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Warframe developer reveals Soulframe, a melee-focused spiritual successor

Soulframe
(Image credit: Digital Extremes)

Digital Extremes, developer of beloved science fiction third-person shooter Warframe, has revealed a nature-focused spiritual successor called Soulframe. Yes, it is also a free-to-play live service MMORPG. Many (including me) were hoping for a single-player game, but after all the success Warframe has seen, it's no shock that the company is continuing this format.

The only footage out there thus far is a cinematic teaser trailer, but The Washington Post conducted an interview with Steven Sinclair and Geoff Crookes, Soulframe's project leads. In this interview, we learn that Soulframe is heavily inspired by works like Princess Mononoke and The NeverEnding Story, and will focus on themes showcasing the "collision between industry and nature." They will also possess procedurally generated environments. 

We can also expect the game to feature exploratory elements that Warframe never had, including allowing the player to travel on long-winded journeys, log out for the day, and expect to come back in that same spot later. But what might shock them is how their environment has changed since they last logged off, as the world will feel "like it’s been going on without you."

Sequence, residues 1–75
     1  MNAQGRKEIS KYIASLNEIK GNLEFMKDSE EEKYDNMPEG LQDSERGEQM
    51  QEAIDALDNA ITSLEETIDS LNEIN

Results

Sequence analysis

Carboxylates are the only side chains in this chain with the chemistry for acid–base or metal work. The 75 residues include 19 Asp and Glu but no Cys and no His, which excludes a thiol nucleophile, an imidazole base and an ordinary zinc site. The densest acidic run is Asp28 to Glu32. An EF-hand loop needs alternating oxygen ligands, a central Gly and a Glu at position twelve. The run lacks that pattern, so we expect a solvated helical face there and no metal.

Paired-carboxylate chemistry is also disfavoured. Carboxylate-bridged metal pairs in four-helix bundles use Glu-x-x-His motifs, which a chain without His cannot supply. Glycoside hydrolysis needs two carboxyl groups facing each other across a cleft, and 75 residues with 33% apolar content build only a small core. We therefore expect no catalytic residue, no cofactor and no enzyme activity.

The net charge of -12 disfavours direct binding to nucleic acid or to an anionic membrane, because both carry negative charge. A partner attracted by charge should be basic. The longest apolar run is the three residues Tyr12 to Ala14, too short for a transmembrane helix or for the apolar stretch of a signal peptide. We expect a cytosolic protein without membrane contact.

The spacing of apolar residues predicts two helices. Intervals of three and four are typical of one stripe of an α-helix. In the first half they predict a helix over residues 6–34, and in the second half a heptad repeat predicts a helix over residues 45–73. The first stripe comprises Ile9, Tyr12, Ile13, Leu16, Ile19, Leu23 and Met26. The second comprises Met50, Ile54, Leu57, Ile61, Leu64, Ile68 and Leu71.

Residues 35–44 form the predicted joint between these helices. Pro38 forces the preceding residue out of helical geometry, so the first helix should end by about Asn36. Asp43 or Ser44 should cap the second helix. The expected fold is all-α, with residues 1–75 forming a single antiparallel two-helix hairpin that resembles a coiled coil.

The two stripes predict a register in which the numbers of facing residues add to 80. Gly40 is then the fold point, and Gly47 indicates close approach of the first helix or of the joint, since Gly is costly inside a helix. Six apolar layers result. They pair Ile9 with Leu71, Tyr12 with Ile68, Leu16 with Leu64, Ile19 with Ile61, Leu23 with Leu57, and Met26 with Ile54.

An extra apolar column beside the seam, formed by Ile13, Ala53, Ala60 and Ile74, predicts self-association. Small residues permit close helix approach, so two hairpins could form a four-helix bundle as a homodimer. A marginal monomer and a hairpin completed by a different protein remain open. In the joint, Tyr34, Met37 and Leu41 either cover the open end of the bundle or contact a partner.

Soulframe's teaser trailer gives off good vibes. We quickly get the sense that a powerful high-tech government is the antagonist after a lady in intricate armor chops the main character's head off.

We see them wash upon shore before donning their own weaponry and facing off against a series of tyrannical knights. Shortly afterwards, this main character further communes with nature and gently stares in the eyes of a giant wolf.

(Image credit: Digital Extremes)

While Soulframe's first trailer showcases a fascinating world with industry clashing against wildlife, what struck me most about is the protagonist's design. It's rare to see the primary character of a trailer in a game this huge possess a mix of masculine, feminine and gender neutral traits. I'm an enormous fan of this androgynous look, and it should happen far more often than it does.

Momo Tabari
Momo Tabari

Self-described art critic and unabashedly pretentious, Momo finds joy in impassioned ramblings about her closeness to video games. She has a bachelor’s degree in Journalism & Media Studies from Brooklyn College and five years of experience in entertainment journalism. Momo is a stalwart defender of the importance found in subjectivity and spends most days overwhelmed with excitement for the past, present and future of gaming. When she isn't writing or playing Dark Souls, she can be found eating chicken fettuccine alfredo and watching anime.